An overwhelming majority of graduate teaching assistants affiliated with the Graduate Employees and Students Organization voted this afternoon to strike, promising to stop their teaching work for five days beginning Monday.

About 82 percent of graduate TAs in GESO voted in favor of the strike at the group’s membership meeting this afternoon, while 91 percent of non-teaching graduate students in GESO voted to support a strike effort, GESO chair Mary Reynolds GRD ’07 said. GESO leaders would not provide actual figures for the vote, which was conducted by secret ballot. Reynolds estimated that about 500 graduate students attended the meeting, which was closed to the press.

Only GESO members in the humanities and social sciences were included in the vote. Yale currently enrolls 1,124 doctoral students in the humanities and social sciences, according to University statistics.

Reynolds said she expects hundreds of graduate TAs to strike next week unless Yale President Richard Levin reverses the University’s long-standing position against graduate student unionization and agrees to recognize GESO as an official union.

“I would be happy to take a call from President Levin at any moment and sit down and negotiate,” Reynolds said at a press conference following the meeting at the First and Summerfield Methodist Church on College Street.

But Yale officials said the administration will not alter its stance and will not negotiate a contract with GESO. University spokeswoman Helaine Klasky said the administration is skeptical about the results of this afternoon’s vote.

“I would say given the fact that GESO refuses to release the numbers participating in the election, one can only assume it is not representative of the graduate students,” Klasky said. “By most estimates, only about a third of the graduates have ever supported GESO.”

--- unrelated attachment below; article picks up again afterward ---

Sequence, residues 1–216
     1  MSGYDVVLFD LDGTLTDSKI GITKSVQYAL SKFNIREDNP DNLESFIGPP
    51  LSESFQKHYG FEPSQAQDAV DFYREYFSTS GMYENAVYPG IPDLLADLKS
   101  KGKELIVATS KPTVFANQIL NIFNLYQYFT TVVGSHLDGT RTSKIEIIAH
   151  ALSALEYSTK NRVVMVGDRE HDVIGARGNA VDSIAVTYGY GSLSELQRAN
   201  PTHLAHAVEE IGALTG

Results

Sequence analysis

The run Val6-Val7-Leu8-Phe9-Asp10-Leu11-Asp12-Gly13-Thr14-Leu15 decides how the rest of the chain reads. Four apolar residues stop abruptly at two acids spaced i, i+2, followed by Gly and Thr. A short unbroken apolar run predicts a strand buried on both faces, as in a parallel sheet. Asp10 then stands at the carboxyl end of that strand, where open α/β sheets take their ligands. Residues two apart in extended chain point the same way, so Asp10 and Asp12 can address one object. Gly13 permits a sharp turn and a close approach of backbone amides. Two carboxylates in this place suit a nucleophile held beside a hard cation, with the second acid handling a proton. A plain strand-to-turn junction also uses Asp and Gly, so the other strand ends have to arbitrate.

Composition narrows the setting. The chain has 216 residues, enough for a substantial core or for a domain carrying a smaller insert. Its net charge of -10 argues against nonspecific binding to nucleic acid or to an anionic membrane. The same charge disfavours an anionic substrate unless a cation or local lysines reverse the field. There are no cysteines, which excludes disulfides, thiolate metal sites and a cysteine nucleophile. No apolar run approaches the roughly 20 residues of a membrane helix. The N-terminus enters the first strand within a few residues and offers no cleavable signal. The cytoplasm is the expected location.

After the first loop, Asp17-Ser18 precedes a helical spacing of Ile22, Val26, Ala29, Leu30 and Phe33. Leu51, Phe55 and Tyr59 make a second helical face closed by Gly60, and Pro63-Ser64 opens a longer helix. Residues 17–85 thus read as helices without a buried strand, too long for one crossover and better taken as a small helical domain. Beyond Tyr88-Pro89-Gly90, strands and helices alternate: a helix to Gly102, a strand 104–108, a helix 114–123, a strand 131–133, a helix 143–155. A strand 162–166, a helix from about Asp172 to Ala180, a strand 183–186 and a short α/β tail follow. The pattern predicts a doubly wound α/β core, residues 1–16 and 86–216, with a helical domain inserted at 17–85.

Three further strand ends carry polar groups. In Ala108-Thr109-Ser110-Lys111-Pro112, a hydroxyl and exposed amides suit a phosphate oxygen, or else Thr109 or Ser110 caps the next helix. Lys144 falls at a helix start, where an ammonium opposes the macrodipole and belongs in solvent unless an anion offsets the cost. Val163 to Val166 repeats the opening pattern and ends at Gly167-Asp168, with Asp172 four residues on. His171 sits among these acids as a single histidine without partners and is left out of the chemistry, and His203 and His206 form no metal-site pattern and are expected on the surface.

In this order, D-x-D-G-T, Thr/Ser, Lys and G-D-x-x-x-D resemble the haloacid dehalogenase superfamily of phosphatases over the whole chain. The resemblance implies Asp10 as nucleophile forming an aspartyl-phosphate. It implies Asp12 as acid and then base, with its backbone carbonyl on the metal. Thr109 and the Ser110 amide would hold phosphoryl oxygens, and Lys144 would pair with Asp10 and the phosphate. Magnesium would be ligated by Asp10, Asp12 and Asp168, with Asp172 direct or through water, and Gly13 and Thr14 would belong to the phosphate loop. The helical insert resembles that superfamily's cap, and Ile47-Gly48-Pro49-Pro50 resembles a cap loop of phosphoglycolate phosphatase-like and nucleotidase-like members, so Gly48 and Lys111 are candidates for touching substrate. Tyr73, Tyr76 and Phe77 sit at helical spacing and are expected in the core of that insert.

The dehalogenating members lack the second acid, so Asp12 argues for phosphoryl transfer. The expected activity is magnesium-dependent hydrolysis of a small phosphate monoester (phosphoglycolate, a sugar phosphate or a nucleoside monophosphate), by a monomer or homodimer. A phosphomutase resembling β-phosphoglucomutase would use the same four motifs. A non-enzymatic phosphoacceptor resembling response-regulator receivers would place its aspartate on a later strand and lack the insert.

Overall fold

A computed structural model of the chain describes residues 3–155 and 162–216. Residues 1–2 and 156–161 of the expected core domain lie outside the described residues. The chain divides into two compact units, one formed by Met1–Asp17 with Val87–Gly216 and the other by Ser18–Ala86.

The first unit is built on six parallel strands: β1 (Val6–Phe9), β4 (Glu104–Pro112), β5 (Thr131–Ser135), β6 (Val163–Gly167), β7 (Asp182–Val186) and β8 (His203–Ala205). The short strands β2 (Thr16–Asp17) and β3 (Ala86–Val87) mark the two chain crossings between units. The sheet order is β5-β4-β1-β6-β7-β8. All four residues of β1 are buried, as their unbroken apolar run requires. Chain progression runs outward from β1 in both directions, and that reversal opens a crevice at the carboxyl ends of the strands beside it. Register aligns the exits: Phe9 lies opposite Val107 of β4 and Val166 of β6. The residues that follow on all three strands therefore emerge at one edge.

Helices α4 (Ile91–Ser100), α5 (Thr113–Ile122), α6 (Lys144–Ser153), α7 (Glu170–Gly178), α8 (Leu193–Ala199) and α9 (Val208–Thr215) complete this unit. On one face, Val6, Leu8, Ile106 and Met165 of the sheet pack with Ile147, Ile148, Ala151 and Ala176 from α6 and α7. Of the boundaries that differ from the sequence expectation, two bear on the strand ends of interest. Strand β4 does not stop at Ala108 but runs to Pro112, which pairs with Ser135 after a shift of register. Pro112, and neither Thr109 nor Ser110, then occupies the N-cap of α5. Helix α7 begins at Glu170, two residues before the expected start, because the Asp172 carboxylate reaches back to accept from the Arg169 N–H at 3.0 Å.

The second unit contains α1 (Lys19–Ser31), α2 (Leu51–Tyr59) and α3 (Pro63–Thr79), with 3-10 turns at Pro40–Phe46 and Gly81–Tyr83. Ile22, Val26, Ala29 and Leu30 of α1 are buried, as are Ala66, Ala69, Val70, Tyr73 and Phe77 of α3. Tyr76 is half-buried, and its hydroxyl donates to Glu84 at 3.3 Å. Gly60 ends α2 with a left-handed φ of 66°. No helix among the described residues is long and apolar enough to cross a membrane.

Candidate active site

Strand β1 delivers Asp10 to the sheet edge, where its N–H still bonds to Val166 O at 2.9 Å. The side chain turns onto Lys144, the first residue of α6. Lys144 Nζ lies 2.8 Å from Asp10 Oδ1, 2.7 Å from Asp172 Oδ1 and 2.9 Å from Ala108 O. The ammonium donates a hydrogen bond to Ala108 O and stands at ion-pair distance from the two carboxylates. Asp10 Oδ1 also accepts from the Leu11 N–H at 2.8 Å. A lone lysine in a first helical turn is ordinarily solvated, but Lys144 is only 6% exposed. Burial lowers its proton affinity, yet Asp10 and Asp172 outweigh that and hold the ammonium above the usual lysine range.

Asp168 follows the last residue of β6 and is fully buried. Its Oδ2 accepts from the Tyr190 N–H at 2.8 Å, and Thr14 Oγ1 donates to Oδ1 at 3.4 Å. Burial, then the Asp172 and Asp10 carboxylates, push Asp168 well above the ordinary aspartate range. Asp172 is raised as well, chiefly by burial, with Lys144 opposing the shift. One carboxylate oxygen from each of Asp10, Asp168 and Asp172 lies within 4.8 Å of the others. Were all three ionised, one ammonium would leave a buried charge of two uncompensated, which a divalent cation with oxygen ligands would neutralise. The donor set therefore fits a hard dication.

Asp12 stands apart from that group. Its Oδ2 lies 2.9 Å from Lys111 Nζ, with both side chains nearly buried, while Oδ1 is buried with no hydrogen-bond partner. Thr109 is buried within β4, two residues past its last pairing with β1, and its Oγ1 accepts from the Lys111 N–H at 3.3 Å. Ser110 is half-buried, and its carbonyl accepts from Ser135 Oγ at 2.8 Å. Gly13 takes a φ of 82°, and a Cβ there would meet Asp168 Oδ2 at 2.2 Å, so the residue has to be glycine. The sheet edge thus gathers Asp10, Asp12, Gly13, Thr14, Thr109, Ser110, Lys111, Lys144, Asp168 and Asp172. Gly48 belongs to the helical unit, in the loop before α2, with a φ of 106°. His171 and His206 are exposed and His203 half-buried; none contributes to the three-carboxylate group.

At Columbia University, members of the Graduate Student Employees United, a group that has been working with GESO organizers to coordinate a joint strike action next week, announced this evening that 82 percent of its graduate TAs voted in favor of a strike this week.

Reynolds said she thinks the week-long strike will bring national attention to issues that concern graduate students, such as health care, pay equity and faculty diversity.

“This strike will actually put those issues in the national spotlight,” Reynolds said.

Although many graduate students leaving the meeting said they had voted for a work stoppage, Olga Bezhanova GRD ’09 said she voted against a strike.

“I think disrupting the academic program at this moment, during the last week of classes, is bad,” Bezhanova said. “But I really support all the issues.”

Graduate School Dean Jon Butler said his office will continue discussions about the upcoming strike with department chairs and directors of graduate studies to ensure that course instruction continues for undergraduates.